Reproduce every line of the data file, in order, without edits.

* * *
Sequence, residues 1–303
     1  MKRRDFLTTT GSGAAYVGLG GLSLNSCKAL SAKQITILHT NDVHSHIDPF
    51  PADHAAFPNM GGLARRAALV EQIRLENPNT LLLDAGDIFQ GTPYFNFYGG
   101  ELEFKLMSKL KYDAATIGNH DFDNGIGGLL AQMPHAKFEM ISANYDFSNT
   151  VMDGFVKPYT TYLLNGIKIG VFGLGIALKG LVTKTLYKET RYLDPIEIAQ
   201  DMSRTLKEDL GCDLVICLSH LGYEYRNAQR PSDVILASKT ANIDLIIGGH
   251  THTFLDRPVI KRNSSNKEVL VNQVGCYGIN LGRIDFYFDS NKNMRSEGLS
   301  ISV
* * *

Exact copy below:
Sequence, residues 1–303
     1  MKRRDFLTTT GSGAAYVGLG GLSLNSCKAL SAKQITILHT NDVHSHIDPF
    51  PADHAAFPNM GGLARRAALV EQIRLENPNT LLLDAGDIFQ GTPYFNFYGG
   101  ELEFKLMSKL KYDAATIGNH DFDNGIGGLL AQMPHAKFEM ISANYDFSNT
   151  VMDGFVKPYT TYLLNGIKIG VFGLGIALKG LVTKTLYKET RYLDPIEIAQ
   201  DMSRTLKEDL GCDLVICLSH LGYEYRNAQR PSDVILASKT ANIDLIIGGH
   251  THTFLDRPVI KRNSSNKEVL VNQVGCYGIN LGRIDFYFDS NKNMRSEGLS
   301  ISV